Determine whether it adds value in other ways
Personal value is useful, but it’s not the only factor at play. If you’re making a big purchase but are having trouble justifying the price, you may want to consider whether the value is there in other ways.
Let’s say you’re struggling to decide whether to spend the money on a beautiful, top grain leather laptop bag. You love the bag, but you don’t love the price tag — and there’s a cheaper one on another website that would probably work, too.
Don’t just immediately jump on the budget bag because it’s not as costly. Think about the value of each of the bags. Does the more expensive bag offer more useful features? Is it going to make it easier to travel for work? Is it going to last longer? Does the warranty offer lifetime coverage?
There’s value in all of those factors, too. A budget purchase may not be the right move just because it makes you feel less guilty. You may have to replace that budget buy in a few months or a year because it’s worn and torn or falling apart at the seams.
That other bag, though — the one with the higher price tag — will be something you can use for years on end. If it falls apart or fails, the warranty covers the replacement or cost.
Or, think about whether the purchase will save you money in the long term. Let’s say you have an older but perfectly fine SUV with a massive V8 engine. You want to upgrade your vehicle, but you’re having a hard time with the idea. It feels unnecessary and irresponsible to buy a new car when your old one works just fine.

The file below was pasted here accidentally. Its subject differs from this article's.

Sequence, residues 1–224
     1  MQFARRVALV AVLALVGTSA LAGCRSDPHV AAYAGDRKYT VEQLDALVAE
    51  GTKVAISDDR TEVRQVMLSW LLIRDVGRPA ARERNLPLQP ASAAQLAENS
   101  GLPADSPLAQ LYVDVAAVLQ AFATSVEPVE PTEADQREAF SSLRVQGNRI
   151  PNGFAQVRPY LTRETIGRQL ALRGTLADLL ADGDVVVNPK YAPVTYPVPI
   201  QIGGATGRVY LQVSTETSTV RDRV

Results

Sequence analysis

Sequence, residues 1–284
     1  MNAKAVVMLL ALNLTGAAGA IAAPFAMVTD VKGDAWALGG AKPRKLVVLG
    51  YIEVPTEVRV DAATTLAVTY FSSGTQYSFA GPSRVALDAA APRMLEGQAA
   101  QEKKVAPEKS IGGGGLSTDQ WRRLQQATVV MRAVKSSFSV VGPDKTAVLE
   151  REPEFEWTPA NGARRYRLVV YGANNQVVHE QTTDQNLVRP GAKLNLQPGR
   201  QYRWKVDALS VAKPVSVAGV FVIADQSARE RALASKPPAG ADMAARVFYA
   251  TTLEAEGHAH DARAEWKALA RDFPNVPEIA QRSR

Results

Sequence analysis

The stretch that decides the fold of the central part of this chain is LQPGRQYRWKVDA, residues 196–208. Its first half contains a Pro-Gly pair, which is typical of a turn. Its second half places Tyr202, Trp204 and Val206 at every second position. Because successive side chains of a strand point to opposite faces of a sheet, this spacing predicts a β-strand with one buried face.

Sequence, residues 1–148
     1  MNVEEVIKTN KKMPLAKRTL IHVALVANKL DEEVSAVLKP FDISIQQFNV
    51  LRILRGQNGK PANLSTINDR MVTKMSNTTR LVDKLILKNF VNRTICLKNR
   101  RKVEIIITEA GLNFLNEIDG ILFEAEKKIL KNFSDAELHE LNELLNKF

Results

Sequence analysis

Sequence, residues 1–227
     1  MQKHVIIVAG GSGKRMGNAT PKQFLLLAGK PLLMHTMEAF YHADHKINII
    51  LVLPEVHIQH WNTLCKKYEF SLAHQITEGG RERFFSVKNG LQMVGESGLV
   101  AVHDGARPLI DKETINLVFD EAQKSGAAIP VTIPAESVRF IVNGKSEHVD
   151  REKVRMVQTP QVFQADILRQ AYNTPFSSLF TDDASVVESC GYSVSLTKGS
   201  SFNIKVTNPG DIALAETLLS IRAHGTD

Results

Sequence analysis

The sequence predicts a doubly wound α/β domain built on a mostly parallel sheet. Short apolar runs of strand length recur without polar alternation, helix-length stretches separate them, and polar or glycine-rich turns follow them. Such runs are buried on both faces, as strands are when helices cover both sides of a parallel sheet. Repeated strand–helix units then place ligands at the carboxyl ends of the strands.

But, you haven’t considered that you commute to work, which is expensive when gas prices are high. And, the regular upkeep on the engine is getting more costly every year, too.
In this case, the value you’ll gain from having a new car with a solid warranty and a flex-fuel engine outweighs the value of keeping your old car. It’s actually a smart money purchase, despite the big price tag. Your gas costs will be lower, and the repairs won’t cost you a dime, at least for the next several years.
This type of value is just as valid as personal value when it comes to expensive purchases, so don’t overlook it. Weigh whether these types of factors justify your purchase and you’ll cut out the guilt in no time flat.
How to make expensive purchases less stressful
The bottom line is this: we all feel guilty at some point or another about spending money on ourselves, but we shouldn’t. It’s OK to spend money on the things you love and the things you want if you make your spending decisions consciously.
Use what you already have before buying, find ways to fund your big purchases, and dedicate more time to using what you buy or pay for to make the money worth it. That alone will help rid you of the anxiety and guilt that comes with spending lots of money on a purchase for yourself.
And, be sure to weigh whether what you’re buying has value. That value can come in many different forms, whether it’s adding a new skill set to the mix, meeting a personal need, or just being worth more in the long run.
If you take the time to incorporate the tips above, you’ll feel free to spend on what you need or love without the negative emotions bogging you down. That makes all of the work you do before swiping your card worth it.